Student Identity and Work-integrated Learning (WIL): Exploring Student Experiences of WIL by Demographic

HEQCO’s fall 2021 survey of students reveals that women, immigrants and students with disabilities are not experiencing the same levels of inclusive, high-quality WIL as others. These demographic groups report statistically significant higher rates of dissatisfaction, barriers to accessibility at different stages of their placement, harassment from colleagues and mental health challenges.

Authors: Ken Chatoor and Lena Balata

While the benefits of work-integrated learning (WIL) are well-documented, research shows that certain underrepresented students — such as women, students with disabilities and LGBTQAI+ students — experience disparities in WIL outcomes, including post-graduation employment rates and salaries. While Canadian literature on WIL focuses heavily on student perceptions, data about diversity and inclusion in WIL are scarce; evaluations rarely include a diversity lens, and few studies focus on how different groups perceive their WIL experiences.

HEQCO’s recent report — Working (and Learning) Online — discussed the benefits and challenges of remote- and hybrid-WIL; HEQCO will soon release a report exploring student experiences of inclusivity in WIL. Both publications are based on data collected through surveys of WIL students, institutional administrators and employers regarding the 2020-21 academic year and administered by the Academica Group in fall 2021.

This data set provides us with an opportunity to ask how student satisfaction with WIL experiences varies by background (demographic) characteristics. We draw from student responses on identity, including gender, disability and immigration status, to examine their personal experiences and varying rates of satisfaction with WIL — across institutions, sectors and academic programs, and across delivery types (i.e., remote or in-person).

Though we are unable to conduct intersectional or complex inferential analyses, the data presented reveal equity gaps in WIL activities and outcomes — along with questions that require further exploration to ensure all students benefit from WIL.

A more comprehensive discussion of methods — and a more thorough analysis of our findings — can be found in the Exploring Student Experiences of WIL by Demographic backgrounder PDF.

Our findings are organized according to characteristics with statistically significant disparities in satisfaction.


  • Respondents identifying as women were less likely to say they were satisfied with their WIL experience (76%) compared to men (86%).
  • Women were more likely to be in unpaid WIL placements (47%) than men (28%).
  • Women were more likely to say they felt uncomfortable at work than men (17% versus 8%), experienced challenges with work culture (43% versus 31%) and faced barriers during WIL (59% versus 44%).
  • Seventy percent of women cited mental health as a challenge compared to 52% of men.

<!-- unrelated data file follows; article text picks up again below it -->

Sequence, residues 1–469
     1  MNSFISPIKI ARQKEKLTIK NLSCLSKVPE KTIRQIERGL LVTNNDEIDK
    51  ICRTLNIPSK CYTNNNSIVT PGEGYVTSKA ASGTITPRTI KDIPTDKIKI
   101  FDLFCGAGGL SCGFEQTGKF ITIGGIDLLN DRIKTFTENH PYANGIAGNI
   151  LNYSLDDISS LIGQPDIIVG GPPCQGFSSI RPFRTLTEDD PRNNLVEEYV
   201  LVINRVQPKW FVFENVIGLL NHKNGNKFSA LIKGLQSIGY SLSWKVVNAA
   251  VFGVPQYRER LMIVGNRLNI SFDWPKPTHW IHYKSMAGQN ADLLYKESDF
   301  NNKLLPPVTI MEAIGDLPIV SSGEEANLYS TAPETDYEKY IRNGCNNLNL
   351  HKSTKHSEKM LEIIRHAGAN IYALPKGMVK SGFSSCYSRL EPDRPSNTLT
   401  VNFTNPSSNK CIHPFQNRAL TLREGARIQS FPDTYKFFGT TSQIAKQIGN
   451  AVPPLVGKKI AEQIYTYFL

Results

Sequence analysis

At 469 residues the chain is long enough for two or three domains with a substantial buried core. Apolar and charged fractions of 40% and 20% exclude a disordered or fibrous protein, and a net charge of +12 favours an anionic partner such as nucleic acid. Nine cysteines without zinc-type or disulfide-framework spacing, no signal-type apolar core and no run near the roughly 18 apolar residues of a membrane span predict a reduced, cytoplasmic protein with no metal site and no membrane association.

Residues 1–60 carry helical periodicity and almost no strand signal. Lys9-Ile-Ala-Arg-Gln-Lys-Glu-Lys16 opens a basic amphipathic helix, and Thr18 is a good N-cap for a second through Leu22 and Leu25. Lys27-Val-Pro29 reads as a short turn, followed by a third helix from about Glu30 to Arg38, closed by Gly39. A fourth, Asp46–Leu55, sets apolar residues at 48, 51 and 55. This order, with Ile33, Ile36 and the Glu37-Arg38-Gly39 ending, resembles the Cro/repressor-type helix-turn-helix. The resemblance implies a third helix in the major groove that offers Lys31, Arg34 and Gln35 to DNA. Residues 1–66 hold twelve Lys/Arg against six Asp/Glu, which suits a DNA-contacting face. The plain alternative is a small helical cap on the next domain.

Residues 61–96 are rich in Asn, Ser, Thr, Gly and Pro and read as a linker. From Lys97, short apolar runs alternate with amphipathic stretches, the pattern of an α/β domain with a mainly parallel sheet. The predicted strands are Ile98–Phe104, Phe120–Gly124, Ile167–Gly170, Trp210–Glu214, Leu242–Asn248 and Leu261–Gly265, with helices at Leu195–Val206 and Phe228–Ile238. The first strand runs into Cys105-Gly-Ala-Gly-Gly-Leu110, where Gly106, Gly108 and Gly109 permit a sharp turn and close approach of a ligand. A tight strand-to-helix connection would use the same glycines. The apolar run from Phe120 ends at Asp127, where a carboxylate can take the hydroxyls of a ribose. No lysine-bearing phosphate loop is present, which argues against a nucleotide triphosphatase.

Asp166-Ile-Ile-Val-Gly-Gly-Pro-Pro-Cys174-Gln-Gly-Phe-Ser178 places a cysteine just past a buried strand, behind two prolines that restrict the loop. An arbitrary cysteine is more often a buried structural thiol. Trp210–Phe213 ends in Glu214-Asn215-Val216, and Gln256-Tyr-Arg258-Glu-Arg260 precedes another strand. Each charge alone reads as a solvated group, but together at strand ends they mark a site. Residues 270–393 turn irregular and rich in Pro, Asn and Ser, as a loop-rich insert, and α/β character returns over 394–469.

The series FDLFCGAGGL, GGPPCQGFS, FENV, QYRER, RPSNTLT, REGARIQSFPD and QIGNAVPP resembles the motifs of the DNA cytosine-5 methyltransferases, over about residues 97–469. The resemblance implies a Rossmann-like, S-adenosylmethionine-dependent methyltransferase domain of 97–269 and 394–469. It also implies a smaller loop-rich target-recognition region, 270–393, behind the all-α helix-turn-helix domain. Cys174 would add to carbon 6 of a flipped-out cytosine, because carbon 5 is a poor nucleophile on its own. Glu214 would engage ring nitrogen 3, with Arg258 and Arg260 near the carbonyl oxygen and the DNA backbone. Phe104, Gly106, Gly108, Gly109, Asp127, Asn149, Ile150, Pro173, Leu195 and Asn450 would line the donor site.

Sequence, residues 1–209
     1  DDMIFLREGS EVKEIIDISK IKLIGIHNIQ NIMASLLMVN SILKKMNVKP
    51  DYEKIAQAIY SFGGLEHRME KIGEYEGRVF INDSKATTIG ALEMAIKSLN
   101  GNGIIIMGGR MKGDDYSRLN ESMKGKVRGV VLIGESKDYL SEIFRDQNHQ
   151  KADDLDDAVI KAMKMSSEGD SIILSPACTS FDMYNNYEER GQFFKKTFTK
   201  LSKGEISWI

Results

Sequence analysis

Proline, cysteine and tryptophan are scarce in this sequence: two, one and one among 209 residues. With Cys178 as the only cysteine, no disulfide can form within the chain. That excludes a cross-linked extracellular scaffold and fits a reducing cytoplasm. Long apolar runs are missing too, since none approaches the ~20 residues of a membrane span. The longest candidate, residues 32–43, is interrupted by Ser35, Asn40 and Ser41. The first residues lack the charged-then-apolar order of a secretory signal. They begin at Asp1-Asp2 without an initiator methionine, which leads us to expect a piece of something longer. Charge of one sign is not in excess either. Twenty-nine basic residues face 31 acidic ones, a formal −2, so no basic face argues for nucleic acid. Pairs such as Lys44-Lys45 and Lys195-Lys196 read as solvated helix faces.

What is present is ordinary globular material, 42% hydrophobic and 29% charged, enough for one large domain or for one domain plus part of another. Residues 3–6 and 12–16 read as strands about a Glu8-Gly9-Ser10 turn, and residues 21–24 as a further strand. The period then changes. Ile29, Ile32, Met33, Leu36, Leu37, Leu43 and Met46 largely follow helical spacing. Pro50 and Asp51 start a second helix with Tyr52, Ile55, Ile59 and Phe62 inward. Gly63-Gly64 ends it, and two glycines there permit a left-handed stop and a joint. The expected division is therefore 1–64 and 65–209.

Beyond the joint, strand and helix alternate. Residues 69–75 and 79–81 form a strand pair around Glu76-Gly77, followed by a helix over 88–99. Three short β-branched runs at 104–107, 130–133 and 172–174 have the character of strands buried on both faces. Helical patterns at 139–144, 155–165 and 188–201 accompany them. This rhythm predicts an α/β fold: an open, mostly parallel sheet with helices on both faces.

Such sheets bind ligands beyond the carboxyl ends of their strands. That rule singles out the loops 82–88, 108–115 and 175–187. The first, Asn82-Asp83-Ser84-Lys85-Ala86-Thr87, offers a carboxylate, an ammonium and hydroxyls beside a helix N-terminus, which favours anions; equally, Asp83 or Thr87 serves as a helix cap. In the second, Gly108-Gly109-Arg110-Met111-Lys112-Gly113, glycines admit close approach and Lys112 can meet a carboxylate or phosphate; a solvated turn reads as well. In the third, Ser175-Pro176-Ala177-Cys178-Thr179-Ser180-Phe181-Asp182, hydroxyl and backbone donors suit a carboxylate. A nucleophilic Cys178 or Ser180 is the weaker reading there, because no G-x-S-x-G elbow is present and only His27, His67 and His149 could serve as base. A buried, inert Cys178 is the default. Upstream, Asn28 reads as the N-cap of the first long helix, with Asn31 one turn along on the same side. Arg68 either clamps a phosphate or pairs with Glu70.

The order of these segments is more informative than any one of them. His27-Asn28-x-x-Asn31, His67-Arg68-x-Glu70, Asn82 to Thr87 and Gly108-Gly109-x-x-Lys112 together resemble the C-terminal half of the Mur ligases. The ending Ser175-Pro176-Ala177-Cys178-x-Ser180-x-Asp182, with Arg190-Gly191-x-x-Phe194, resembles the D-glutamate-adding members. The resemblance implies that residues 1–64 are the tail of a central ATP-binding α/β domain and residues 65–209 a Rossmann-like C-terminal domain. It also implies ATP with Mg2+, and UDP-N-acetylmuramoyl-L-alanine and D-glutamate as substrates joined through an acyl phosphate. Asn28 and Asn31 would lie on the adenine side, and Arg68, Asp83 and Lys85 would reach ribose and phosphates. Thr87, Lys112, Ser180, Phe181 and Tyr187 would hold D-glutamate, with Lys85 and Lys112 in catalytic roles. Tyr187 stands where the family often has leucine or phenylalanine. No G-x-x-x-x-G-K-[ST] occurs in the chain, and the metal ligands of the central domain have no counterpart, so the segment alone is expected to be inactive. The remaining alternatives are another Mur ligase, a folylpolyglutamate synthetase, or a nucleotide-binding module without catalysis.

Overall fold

• Twenty percent of women in in-person WIL placements reported experiencing unwanted sexual behaviour during their placement compared to 1% of men.

Students with Disabilities

  • Students with disabilities were less likely to express satisfaction in WIL than students without disabilities (75% versus 82%).
  • Students with disabilities were more likely to say they experienced challenges during their WIL (62% versus 52%) than those without disabilities.
  • Students with disabilities were also more likely to experience challenges during the application stage (23% versus 13%) and the interview stage (19% versus 13%).
  • In the WIL workplace, such students were more likely to say they felt ignored by others (27% versus 17%) and experienced challenges with their mental health (73% versus 61%).


  • Immigrants reported greater challenges than non-immigrants at multiple points through their WIL experiences: the application stage (18% versus 13%), the interview stage (19% versus 12%) and the hiring stage (14% versus 9%).
  • Immigrants were also 23 percentage points more likely to say they experienced barriers during the WIL placement itself (70% versus 47%).

Collecting data on student experiences and linking them to demographic characteristics is important to help us better understand how different types of students experience WIL. Our descriptive findings point to differences in satisfaction based on EDID characteristics of students and move beyond traditional measures of accessibility, such as graduation and labour market performance. Future research should explore how different identities intersect and consider all student identity groups — including how Indigenous identity, first-generation status, low-income background and LGBTQAI+ identity impact WIL experiences.

We recommend the following additional lines of inquiry to motivate future examinations:

  • What factors drive differentiated experiences and why do these differences exist?
  • How do experiences of WIL differ by disability type?
  • How can institutions and employers support students from all backgrounds?
  • How can the application process be improved to remove barriers and increase inclusion?
  • What policies, programs and actions can create more supportive and inclusive environments for women, as well as for individuals with disabilities?

Ultimately, high-quality WIL must be both accessible and inclusive. We must work to ensure that all students can experience WIL’s associated development of skills and labour market benefits.

Readers are invited to explore our complete discussion and analysis in Student Identity and Work-integrated Learning (WIL): Exploring Student Experiences of WIL by Demographic.

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